Benedict’s call for liturgical renewal is timely and there are young musicians in the Church who are eagerly preparing themselves to answer this vocational call. The teachings of the Fathers offer much-needed inspiration and direction. Threats to the post-modern Church are very similar to those of the third century: anti-Christian sentiment, secularism, and sexual licentiousness. Sacrosanctum Concilium and Sacramentum Caritatis clearly state that the way forward for the development of Christian music must include a dedicated study of traditional Church music as well as a sustained effort to teach this music to the faithful for liturgical worship. At the same time, new Church music must be composed—not by ill-formed neophytes with guitars—but by mature, prayerful, classically trained musicians who have been mentored in plainchant and sacred polyphony and are living the full sacramental life of the Church. Certainly, it would behoove Christian music composers to pay close attention to the warnings and encouragements of the early Fathers, who also lived in a secular pagan society. Their wisdom, far from being irrelevant, is surprisingly germane.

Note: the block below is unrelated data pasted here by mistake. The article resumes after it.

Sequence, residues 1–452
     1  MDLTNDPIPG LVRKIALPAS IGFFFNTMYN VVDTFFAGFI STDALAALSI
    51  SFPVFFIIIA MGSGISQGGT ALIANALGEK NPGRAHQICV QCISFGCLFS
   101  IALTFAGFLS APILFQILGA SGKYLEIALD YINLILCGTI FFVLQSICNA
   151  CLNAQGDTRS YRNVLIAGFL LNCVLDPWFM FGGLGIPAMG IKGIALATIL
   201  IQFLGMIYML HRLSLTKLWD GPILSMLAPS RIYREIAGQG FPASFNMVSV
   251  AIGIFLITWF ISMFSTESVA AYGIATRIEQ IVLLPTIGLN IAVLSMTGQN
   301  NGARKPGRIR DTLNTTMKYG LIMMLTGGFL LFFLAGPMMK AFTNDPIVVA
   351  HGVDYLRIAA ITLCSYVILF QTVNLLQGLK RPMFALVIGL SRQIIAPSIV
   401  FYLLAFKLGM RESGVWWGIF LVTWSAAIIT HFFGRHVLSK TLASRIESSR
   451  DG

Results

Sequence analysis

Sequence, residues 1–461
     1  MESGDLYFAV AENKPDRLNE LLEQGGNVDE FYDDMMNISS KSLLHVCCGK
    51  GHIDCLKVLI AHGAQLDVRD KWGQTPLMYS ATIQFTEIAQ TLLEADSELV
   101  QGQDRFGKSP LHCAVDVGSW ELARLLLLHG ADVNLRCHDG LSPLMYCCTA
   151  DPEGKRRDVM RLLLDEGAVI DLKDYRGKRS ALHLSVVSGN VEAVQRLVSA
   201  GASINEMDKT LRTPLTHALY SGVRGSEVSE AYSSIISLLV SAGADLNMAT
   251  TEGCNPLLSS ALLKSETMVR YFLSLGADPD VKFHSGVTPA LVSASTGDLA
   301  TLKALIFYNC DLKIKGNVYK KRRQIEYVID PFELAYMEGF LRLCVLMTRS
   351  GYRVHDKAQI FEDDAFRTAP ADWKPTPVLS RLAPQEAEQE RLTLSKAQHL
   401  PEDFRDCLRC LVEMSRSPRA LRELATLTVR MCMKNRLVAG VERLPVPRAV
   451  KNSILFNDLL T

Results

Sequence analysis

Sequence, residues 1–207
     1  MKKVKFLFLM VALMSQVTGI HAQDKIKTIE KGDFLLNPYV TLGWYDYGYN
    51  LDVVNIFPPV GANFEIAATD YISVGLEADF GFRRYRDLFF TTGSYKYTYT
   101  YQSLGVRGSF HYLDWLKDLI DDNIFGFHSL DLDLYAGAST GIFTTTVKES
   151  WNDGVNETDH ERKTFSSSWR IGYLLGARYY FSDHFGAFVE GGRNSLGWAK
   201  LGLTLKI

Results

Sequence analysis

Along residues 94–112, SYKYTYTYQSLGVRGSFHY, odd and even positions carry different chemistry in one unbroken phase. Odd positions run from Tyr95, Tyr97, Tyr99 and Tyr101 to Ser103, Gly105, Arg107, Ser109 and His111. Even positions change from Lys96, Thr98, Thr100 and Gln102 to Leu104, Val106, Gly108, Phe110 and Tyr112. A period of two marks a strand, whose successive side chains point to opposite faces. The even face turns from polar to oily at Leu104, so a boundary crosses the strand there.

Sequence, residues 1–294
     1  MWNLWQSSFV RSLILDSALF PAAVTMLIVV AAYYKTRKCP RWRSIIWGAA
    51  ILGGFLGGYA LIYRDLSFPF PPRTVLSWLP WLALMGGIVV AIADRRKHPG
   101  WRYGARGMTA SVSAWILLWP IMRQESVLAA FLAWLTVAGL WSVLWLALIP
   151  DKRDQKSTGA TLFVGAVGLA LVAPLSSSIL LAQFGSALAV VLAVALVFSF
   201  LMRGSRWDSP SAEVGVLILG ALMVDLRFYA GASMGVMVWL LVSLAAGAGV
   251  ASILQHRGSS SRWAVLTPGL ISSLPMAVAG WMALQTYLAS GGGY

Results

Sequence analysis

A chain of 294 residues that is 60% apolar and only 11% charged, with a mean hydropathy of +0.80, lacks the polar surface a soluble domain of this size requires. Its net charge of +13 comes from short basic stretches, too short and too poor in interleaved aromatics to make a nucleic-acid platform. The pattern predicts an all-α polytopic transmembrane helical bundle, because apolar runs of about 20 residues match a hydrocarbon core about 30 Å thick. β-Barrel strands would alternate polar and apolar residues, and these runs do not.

Church Fathers and Church Music